Will Donald Trump’s Alma Mater Become the Most Beloved Underdog in Sports History?

PHILADELPHIA, PA - MARCH 11: The Pennsylvania Quakers men's basketball team hold up the championship trophy after winning the Men's Ivy League Championship Tournament at The Palestra on March 11, 2018 in Philadelphia, Pennsylvania. Penn defeated Harvard 68-65. (Photo by Corey Perrine/Getty Images)
The Pennsylvania Quakers men’s basketball team hold up the championship trophy after winning the Men’s Ivy League Championship Tournament at The Palestra on March 11, 2018 in Philadelphia, Pennsylvania. Penn defeated Harvard 68-65.
Corey Perrine/Getty Images

A team coming from three games down to win a playoff series. A cursed franchise finally winning a championship. A guy fumbling the ball after running into his teammate’s butt.

Sports are at their best when they give us something we’ve never seen before. That’s why the prospect of a 16 seed taking down a 1 seed is so tantalizing. There have been 132 such match-ups in the men’s NCAA basketball tournament over the years, and not once has the underdog come out on top. (No. 16 Harvard beat No. 1 Stanford in the women’s tournament in 1998.) It’s a little surprising that, for a tournament that traffics in upsets, March Madness has never treated us to the Big One.

There are rumblings, however, that this year might be different. The University of Pennsylvania Quakers will try to make history against top-seeded Kansas on Thursday, and some in the world of college basketball see it as an intriguing matchup.

FiveThirtyEight, for its part, says Penn is “history’s best 16 seed.” Advanced stats also suggest Kansas is vulnerable defensively and have an efficiency margin unbefitting of a No. 1 seed. My own super-duper-advanced proprietary analytics point to something even more telling: The 16 seeds are due, baby!

Of course, there will be three other 16 seeds that could theoretically do the job in the first round. Rather than mention them in this article, I will instead provide them with bulletin board material by ostentatiously excluding them from my analysis. If that doesn’t motivate you, University of Maryland, Baltimore County, then I don’t know what will.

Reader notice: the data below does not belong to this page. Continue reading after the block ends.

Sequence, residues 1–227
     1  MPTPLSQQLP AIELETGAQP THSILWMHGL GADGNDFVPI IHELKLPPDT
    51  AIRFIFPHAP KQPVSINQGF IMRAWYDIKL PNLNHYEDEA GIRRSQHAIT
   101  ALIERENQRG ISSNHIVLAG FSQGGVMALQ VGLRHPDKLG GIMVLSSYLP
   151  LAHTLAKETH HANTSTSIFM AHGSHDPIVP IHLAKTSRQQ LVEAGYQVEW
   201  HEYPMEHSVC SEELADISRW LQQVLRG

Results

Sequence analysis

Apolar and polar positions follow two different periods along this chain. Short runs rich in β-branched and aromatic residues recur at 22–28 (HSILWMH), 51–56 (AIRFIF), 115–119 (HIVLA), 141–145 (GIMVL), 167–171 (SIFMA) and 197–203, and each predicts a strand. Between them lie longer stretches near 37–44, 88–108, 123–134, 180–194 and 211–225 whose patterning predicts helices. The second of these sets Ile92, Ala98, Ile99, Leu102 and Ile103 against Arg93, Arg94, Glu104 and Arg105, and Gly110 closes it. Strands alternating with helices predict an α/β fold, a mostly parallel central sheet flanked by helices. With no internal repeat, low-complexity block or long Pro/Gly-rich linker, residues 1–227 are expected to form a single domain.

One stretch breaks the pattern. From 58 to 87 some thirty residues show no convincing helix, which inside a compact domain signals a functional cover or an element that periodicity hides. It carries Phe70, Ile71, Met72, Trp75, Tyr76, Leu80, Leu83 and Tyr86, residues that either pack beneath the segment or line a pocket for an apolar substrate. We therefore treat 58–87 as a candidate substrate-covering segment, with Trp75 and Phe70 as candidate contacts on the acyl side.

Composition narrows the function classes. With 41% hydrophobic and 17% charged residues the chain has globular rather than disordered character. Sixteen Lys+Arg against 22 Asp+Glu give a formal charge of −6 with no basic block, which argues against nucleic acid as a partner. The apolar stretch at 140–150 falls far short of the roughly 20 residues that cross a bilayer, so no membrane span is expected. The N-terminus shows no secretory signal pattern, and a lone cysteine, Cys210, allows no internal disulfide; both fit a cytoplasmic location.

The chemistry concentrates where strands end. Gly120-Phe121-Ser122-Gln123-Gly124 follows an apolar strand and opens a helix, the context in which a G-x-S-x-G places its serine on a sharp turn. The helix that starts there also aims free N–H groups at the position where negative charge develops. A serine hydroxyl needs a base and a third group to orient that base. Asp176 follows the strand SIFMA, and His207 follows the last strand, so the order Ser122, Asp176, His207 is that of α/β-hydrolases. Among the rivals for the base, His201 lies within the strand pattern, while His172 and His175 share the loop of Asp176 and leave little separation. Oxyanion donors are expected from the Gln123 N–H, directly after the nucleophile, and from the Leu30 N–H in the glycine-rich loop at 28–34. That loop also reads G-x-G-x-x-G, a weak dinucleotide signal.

Basketball fans who’ve been begging for decades to see this most elusive tournament result don’t really have a right to be picky. This upset to end all upsets will be great no matter when, where, or how it happens. And yet, some possible 16-over-1 victories would certainly be better than others. Does Thursday’s mismatch between the Quakers and Jayhawks check all the boxes? Let’s take a closer look.

David needs to be tiny; Goliath needs to be rather large.

Being history’s greatest 16 seed is, to put it in terms Penn grads will understand, like being at the top of your class at Dartmouth. The Quakers are still expected to lose by double digits on Thursday, and even a narrow loss would be considered an impressive result. And while Kansas may not be an analytical darling, the Jayhawks still rolled to their 14th-straight Big 12 title and have conference player of the year Devonte’ Graham playing the best basketball of his career.

The Quakers played only one ranked opponent this year—Villanova, in November—and they lost that game by 28 points. Another one of Penn’s losses came against Toledo, a team Kansas waxed 96-58.

Simply put, a Penn victory on Thursday would be an upset of staggering proportions. This hypothetical result should excite you. If it doesn’t, I can maybe guess why.

The underdog should be an underdog in more than just seeding.

While a 16 seed has never taken down a 1 seed, there have been eight 15-over-2 results in NCAA tournament history, and these give us an idea of what makes for a truly special upset. A major ingredient is getting to see a small, disregarded school achieve success on a grand stage.

Consider the historically black college trio of Coppin State (who beat South Carolina in 1997), Hampton (Iowa State’s conquerers in 2001), and Norfolk State (2012 victors against Missouri). HBCUs are often underfunded and overlooked, and those teams’ tournament performances were more than just inspiring. They directed some much-needed attention to each school and helped earn recognition from a general public that would have otherwise ignored them.